WARN : [3:MooMS][20180511 10:06:07.690 +0100] [CDbPool.java]:792 +|[MoogPoller] DATABASE POOL DIAGNOSTICS:|+
WARN : [3:MooMS][20180511 10:06:07.690 +0100] [CDbPool.java]:793 +|[MoogPoller] Pool created at [20180510 17:55:01.990 +0100].|+
WARN : [0:MooMS][20180511 10:06:07.690 +0100] [CDbPool.java]:833 +|[SituationSimilarity] Pool size is [5] with [5] available connections and [0] busy.|+
WARN : [3:MooMS][20180511 10:06:07.691 +0100] [CDbPool.java]:833 +|[MoogPoller] Pool size is [10] with [10] available connections and [0] busy.|+
WARN : [1:MooMS][20180511 10:06:07.693 +0100] [CDbPool.java]:792 +|[ToolRunner] DATABASE POOL DIAGNOSTICS:|+
WARN : [1:MooMS][20180511 10:06:07.694 +0100] [CDbPool.java]:793 +|[ToolRunner] Pool created at [20180510 17:55:00.183 +0100].|+
WARN : [1:MooMS][20180511 10:06:07.694 +0100] [CDbPool.java]:792 +|[MoogSvr : priority] DATABASE POOL DIAGNOSTICS:|+
WARN : [1:MooMS][20180511 10:06:07.694 +0100] [CDbPool.java]:833 +|[ToolRunner] Pool size is [5] with [5] available connections and [0] busy.|+
WARN : [1:MooMS][20180511 10:06:07.694 +0100] [CDbPool.java]:793 +|[MoogSvr : priority] Pool created at [20180510 17:54:56.800 +0100].|+
WARN : [1:MooMS][20180511 10:06:07.695 +0100] [CDbPool.java]:797 +|[MoogSvr : priority] [5] invalid connections have been removed during the lifetime of the pool.|+
WARN : [1:MooMS][20180511 10:06:07.695 +0100] [CDbPool.java]:833 +|[MoogSvr : priority] Pool size is [25] with [25] available connections and [0] busy.|+
WARN : [1:MooMS][20180511 10:06:07.695 +0100] [CDbPool.java]:792 +|[MoogSvr : normal priority] DATABASE POOL DIAGNOSTICS:|+
WARN : [1:MooMS][20180511 10:06:07.695 +0100] [CDbPool.java]:793 +|[MoogSvr : normal priority] Pool created at [20180510 17:54:56.877 +0100].|+
WARN : [1:MooMS][20180511 10:06:07.695 +0100] [CDbPool.java]:833 +|[MoogSvr : normal priority] Pool size is [50] with [50] available connections and [0] busy.|+

In both of these examples, the connections are "available" and none show as busy. However, in a busy system with flagging performance, moogfarmd.log will show different results. In the example below, all connections are busy and have been held for a long time. This type of critical issue causes moogfarmd to stop processing:

WARN : [pool-1-]20180309 16:49:30.031 +0000] [CDbPool.java]:827 +|[farmd] Pool size is [10] with [0] available connections and [10] busy.|+
WARN : [pool-1-][20180309 16:49:30.031 +0000] [CDbPool.java]:831 +|The busy connections are as follows:
1: Held by 5:SituationMgrLOGFILECOOKBOOK for 173603 milliseconds. Checked out at [CArchiveConfig.java]:283.
2: Held by 7:SituationMgrSYSLOGCOOKBOOK for 173574 milliseconds. Checked out at [CArchiveConfig.java]:283.
3: Held by 8:SituationMgrSYSLOGCOOKBOOK for 173658 milliseconds. Checked out at [CArchiveConfig.java]:283.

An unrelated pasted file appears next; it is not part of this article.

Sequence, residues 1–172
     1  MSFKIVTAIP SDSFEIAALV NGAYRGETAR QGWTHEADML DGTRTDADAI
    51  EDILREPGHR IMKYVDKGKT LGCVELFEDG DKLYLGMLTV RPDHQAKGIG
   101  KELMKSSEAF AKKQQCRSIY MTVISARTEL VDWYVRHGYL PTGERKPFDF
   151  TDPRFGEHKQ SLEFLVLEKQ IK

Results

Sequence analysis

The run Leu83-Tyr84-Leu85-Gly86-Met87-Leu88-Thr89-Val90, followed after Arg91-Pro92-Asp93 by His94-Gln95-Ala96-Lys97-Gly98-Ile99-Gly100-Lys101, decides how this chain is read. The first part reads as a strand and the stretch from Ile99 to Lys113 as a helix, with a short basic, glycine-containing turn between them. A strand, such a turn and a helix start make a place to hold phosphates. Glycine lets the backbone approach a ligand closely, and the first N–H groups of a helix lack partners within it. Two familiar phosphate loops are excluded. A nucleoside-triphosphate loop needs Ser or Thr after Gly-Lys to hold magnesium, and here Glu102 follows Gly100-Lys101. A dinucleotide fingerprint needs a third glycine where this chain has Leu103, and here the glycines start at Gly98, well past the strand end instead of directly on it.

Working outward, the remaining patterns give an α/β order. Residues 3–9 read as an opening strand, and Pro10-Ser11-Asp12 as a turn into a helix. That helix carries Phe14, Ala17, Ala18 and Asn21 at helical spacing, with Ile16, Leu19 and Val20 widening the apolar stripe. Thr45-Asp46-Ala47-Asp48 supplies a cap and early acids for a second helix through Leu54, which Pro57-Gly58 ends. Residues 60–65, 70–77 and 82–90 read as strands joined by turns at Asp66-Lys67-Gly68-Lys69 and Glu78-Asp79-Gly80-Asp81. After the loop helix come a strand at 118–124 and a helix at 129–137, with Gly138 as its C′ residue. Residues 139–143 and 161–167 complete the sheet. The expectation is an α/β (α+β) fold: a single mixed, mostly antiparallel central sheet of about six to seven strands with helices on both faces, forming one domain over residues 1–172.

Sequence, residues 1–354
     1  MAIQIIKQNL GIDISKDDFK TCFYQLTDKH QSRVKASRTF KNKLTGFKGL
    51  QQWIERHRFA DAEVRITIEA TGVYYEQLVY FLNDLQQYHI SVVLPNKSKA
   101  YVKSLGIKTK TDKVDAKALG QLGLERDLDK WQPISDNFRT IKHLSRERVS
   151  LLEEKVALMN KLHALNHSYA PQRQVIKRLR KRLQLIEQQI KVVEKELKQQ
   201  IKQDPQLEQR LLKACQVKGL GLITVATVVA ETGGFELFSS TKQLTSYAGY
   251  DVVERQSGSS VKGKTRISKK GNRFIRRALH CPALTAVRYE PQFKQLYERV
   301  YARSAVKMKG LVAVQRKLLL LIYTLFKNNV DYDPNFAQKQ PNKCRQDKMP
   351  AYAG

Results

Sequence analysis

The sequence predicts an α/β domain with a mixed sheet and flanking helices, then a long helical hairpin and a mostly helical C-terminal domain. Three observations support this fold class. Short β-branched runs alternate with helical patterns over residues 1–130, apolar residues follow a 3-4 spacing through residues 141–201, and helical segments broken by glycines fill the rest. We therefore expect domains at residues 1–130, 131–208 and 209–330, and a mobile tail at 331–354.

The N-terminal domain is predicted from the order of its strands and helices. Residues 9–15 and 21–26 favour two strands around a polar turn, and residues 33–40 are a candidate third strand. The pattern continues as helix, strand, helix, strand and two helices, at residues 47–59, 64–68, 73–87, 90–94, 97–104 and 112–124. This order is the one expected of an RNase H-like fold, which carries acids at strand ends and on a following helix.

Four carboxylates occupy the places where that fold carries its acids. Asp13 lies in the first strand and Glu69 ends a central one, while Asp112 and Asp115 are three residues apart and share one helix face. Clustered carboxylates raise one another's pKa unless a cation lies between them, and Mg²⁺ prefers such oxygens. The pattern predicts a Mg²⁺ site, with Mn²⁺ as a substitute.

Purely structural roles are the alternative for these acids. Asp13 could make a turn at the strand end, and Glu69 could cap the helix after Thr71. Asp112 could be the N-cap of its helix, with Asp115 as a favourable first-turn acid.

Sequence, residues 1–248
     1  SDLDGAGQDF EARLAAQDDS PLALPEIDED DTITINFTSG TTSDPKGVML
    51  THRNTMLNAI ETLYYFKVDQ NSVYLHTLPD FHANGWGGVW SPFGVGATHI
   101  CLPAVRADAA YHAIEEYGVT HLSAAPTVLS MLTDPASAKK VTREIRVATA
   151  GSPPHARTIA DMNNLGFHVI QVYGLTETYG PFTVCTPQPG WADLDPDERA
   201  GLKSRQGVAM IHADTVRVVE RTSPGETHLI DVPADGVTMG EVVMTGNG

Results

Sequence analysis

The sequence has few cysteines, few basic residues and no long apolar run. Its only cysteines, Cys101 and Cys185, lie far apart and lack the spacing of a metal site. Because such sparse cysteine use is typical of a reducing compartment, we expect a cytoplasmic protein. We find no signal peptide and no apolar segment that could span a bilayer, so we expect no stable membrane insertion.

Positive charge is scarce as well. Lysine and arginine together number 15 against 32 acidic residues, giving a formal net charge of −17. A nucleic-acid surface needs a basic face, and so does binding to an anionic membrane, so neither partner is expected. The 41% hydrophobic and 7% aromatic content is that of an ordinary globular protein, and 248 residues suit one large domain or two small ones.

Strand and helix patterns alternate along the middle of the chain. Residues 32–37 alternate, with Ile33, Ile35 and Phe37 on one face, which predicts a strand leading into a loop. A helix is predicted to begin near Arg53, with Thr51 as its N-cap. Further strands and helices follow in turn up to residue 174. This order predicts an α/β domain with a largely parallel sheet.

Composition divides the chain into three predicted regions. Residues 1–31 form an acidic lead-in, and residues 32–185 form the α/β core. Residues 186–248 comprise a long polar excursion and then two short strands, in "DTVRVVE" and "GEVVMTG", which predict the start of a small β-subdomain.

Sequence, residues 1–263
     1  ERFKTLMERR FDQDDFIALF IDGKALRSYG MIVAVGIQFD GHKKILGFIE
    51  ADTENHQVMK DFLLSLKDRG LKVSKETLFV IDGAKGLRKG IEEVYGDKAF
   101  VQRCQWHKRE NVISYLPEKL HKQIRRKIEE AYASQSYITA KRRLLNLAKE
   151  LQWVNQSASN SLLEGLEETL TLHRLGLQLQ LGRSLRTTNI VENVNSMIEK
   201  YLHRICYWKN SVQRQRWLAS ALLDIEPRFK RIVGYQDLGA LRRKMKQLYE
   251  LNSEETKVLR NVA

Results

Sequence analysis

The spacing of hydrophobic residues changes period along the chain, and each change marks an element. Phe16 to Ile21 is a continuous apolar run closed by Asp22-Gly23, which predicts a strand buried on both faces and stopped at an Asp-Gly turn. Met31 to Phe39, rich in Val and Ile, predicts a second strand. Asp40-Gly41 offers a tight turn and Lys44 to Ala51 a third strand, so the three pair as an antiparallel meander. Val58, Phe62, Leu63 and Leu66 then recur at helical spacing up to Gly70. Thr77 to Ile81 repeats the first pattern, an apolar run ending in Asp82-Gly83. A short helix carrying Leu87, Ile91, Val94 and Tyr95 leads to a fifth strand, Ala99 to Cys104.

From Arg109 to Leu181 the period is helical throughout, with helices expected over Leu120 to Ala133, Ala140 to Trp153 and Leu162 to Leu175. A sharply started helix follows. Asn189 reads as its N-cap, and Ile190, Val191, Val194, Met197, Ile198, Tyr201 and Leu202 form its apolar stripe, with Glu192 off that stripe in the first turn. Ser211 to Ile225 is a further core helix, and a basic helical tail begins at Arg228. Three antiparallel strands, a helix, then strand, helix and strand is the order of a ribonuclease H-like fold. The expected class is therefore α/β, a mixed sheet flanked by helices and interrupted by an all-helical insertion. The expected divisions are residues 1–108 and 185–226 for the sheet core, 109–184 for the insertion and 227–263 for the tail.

4: Held by 9:SituationMgrSYSLOGCOOKBOOK for 173477 milliseconds. Checked out at [CArchiveConfig.java]:283.
5: Held by 8:TeamsMgr for 173614 milliseconds. Checked out at [CArchiveConfig.java]:283.
6: Held by 4:SituationMgrSYSLOGCOOKBOOK for 173514 milliseconds. Checked out at [CArchiveConfig.java]:283.
7: Held by 5:PRC Request Assign - SituationRootCause for 173485 milliseconds. Checked out at [CArchiveConfig.java]:283.
8: Held by 2:SituationMgrSYSLOGCOOKBOOK for 173661 milliseconds. Checked out at [CArchiveConfig.java]:283.
9: Held by 6:SituationMgrSYSLOGCOOKBOOK for 173631 milliseconds. Checked out at [CArchiveConfig.java]:283.
10: Held by 6:TeamsMgr for 172661 milliseconds. Checked out at [CArchiveConfig.java]:283.|+

It is expected that occasionally some of the connections will be busy but as long as they are not held for long periods of time then the system will be functioning normally.


You can use the following bash script to automatically gather DBPool diagnostics:


#!/bin/bash

#Get the cluster name
CLUSTER=$($MOOGSOFT_HOME/bin/utils/moog_config_reader -k ha.cluster)

#Get the current line numbers of latest log lines
FARMLINES=$(wc -l /var/log/moogsoft/moogfarmd.log|awk '{print $1}')
TOMLINES=$(wc -l /usr/share/apache-tomcat/logs/catalina.out|awk '{print $1}')

#Run ha_cntl -i <cluster>
ha_cntl -i $CLUSTER -y > /dev/null

sleep 5

#Print the results
echo "moog_farmd:"
tail -n +$FARMLINES /var/log/moogsoft/moogfarmd.log|egrep "CDbPool|Held by"

echo "tomcat:"
tail -n +$TOMLINES /usr/share/apache-tomcat/logs/catalina.out|egrep "CDbPool|Held by"

To run the script, execute the following command:

./get_dbpool_diag.sh


MySQL Slow Query Logging

Slow query logging captures long running queries that are impacting the database. You can enable the feature as follows:

  1. Check the current settings in MySQL for the feature:

    mysql> show variables like '%slow_query_log%';
    +---------------------+-------------------------+
    | Variable_name       | Value                   |